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17 November 2008, 15:27

Vulnerability discovered in SSH specification

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According to the UK-based Centre for the Protection of National Infrastructure (CPNI), an error in the secure shell protocol (SSH) specification can in rare cases be exploited to reconstruct part of the plain text. According to their description of the error, the standard OpenSSH configuration allows 32 bits of plain text to be recovered from arbitrary points within the cipher text. In order to carry out a successful attack, the attacker must be able to observe the reaction of an SSH connection to various error states and be able to induce these error situations. The probability of a successful attack is, however, only 2-18. SSH connections are also generally torn down by attempts of this type.

The CPNI does not give more precise details, but the attack is reported to be rendered ineffective by switching SSH from cipher-block chaining mode (CBC) to counter mode (CTR). Counter mode turns a block cipher into a stream cipher.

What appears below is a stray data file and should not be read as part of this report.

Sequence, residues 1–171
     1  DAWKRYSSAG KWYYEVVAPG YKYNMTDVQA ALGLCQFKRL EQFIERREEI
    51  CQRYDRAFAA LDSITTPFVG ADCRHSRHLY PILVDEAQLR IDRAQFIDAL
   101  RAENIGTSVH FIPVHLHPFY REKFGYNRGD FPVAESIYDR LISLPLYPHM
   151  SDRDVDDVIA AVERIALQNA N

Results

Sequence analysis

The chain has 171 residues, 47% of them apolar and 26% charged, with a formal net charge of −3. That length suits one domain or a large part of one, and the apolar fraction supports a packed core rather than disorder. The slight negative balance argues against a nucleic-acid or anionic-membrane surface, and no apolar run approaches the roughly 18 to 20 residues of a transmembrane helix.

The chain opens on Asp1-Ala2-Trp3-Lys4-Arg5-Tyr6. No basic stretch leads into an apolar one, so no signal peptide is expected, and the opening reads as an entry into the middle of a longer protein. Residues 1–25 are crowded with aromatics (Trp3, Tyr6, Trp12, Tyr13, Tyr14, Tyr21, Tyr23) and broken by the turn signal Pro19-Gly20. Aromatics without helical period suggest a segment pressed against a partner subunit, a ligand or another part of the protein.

Although CPNI has only looked in detail at OpenSSH, it is assumed that all SSH implementations which conform to RFC 4251 will contain this vulnerability. SSH Communications Security has already released its own security advisory, in which it discusses the problem in its SSH Tectia clients and servers. An update should fix the vulnerability. Alternatively, the company recommends switching to either the CryptiCore or Arcfour (RC4) encryption algorithms, which do not use CBC.

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